As she joins the University of Sheffield’s delegation to COP21 Professor Michelle Holdsworth explains why this COP is an important opportunity to tackle health, nutrition and climate change.
Michelle supervises Grantham Scholars who research food and sustainability, such as Kristin Bash, Carol Auma and Fiona Graham.
Diets are changing globally and have done so rapidly in most high-income countries, like the UK, over the last 50 years.
This dietary transition is now happening in most cities of the Global South. The nations of Africa, Central and Latin America and most of Asia, are moving from a traditional plant-based diet (which is healthier and lower in greenhouse gas emissions) to a diet high in processed, energy-dense convenience foods (rich in fat and sugar, but poor in nutrients). And this includes widespread consumption of sweetened bottled drinks; which are easily available and cheap, even in the most remote parts of the world.
Demographers expect the global population to increase from 7 billion to 9 billion by 2050, Most of this increase is predicted in urban areas of the Global South. That will further accelerate the spread of the nutrition transition and the ecological footprint of the agri-food system.
Foods of animal origin have become part of the diet and consumption is rising.
Animal products are of particular concern for greenhouse gas emissions, because livestock production, especially intensively reared, is a major contributor of around 4 to 12 per cent of all consumer products.
There are co-benefits in changing these practices for both the environment and for people’s health. For example, unhealthy diets are associated with the rapid rise of diet related diseases such as obesity, type 2 diabetes, heart disease and some cancers.
The food chain contributes to around a quarter of all greenhouse gases emissions from food production (the largest source by far). Its impacts come from a number of sources e.g. packaging, distribution and retailing; land use for agriculture; and transport/travel and food waste.
Consumer purchasing, cooking, preparation and eating practices also produce greenhouse gases emissions and consumer food practices both drive and respond to the agri-food system.
Climate change increases the risk and intensity of disasters, such as floods and drought, which are likely to impact on the poorest in low and middle income countries. A large proportion of the world’s hungry live in climate fragile environments.
These climate disasters are most likely to affect those who are vulnerable and already have poor nutrition – e.g. women and children – leading to food and nutrition crises.
This further reinforces the inter-generation transmission of poor nutrition and poverty.
Unless efforts are made to increase climate resilience, undernutrition could increase by 20% by 2050 according to the IPCC.
There is already widespread undernutrition globally without the added challenge of climate shocks in the lives of the poor. One billion suffer from chronic hunger and 2 billion from micronutrient deficiencies (hidden hunger).
The consequences of undernutrition on individual mental and physical development are enormous. And this in turn impacts on a country’s development and ability to reduce poverty.
So poor nutrition is both a cause and a consequence of climate change. We need to act now if we are to stop the consequences of climate change on undernutrition getting worse and to change the poor ‘globalised’ dietary habits that are contributing to climate change.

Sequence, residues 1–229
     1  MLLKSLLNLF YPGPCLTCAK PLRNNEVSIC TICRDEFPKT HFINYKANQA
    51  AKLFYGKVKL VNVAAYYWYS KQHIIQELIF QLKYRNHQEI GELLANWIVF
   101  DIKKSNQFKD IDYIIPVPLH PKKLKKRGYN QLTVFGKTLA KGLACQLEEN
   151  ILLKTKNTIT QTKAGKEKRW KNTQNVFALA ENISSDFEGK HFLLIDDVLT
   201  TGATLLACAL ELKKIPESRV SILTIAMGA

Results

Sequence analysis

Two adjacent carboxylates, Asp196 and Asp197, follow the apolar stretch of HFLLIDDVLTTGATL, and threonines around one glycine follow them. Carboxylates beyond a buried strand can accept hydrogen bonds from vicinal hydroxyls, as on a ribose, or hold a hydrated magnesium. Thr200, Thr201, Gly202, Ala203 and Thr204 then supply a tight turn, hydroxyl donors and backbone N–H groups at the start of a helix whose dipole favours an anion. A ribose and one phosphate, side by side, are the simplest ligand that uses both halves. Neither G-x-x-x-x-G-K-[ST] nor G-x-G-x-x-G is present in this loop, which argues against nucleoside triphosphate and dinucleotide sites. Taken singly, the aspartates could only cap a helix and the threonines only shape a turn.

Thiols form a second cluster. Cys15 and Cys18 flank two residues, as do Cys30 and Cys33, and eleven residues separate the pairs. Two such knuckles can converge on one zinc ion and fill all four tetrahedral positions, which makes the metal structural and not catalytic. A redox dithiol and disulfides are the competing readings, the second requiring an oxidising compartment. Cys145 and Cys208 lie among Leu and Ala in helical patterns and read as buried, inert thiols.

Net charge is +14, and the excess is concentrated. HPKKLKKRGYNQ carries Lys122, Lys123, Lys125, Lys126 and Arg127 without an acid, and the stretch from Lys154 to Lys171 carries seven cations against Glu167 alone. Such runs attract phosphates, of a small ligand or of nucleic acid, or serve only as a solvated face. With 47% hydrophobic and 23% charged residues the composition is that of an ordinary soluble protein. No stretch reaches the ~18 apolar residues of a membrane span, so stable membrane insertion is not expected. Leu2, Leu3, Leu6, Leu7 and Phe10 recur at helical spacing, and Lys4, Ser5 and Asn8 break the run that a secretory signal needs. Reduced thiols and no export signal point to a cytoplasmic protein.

We can influence the role diets have on aggravating climate change by eating a healthy, sustainable, plant-based diet.
Whilst there is still debate on what a sustainable diet would look like, it seems the following simple steps could go a long way to reducing the contribution of poor diets on greenhouse gas emissions and to poor health.
1. Eat lots of fruit and vegetables and starchy staples
2. Limit red meat and eat more beans, pulses and nuts
3. Eat a varied balanced diet
4. Limit energy-dense processed foods, including sweetened drinks
5. Eat sustainably sourced fish
6. Eat local and seasonal produce
7. Avoid food waste
8. Drink tap water
Changes in how society organises the agri-food system are needed to support people to make these changes. Such changes could be the introduction or regulations and legislation that control food advertising. Or fiscal interventions to favour the consumption of healthier, sustainable food. And we could tax consumption of energy-dense, nutrient-poor foods.
These can be supported by educational and motivational interventions, such as a front of pack labelling scheme highlighting the nutritional and environmental profile of foods.
This will require input from a whole range of actions, including lobbying governments to highlight the links between climate change and hunger to inform policy making and to make more informed decisions with better climate forecasts.
Ways to help vulnerable people protect themselves from these future climate shocks could include support to diversify sources of income and livelihoods. And we could provide means to protect people’s assets and livelihoods with access to insurance services and savings. And we could further initiatives for empowering women.
COP21 is an important opportunity to tackle the impact of climate change on undernutrition, as well as raising awareness of the impact that unhealthy diets have on climate change and health. Garnering support for interventions that create environments that support individuals to change could help shift current behaviours.
We have to act now because the scenario that overconsumption of unhealthy diets indirectly causes hunger through changing the climate is a perverse paradox.
Edited by Claire Moran. Photo by cottonbro from Pexels. If you want to hear more on sustainability topics like unhealthy diets and climate change then sign up to our newsletter.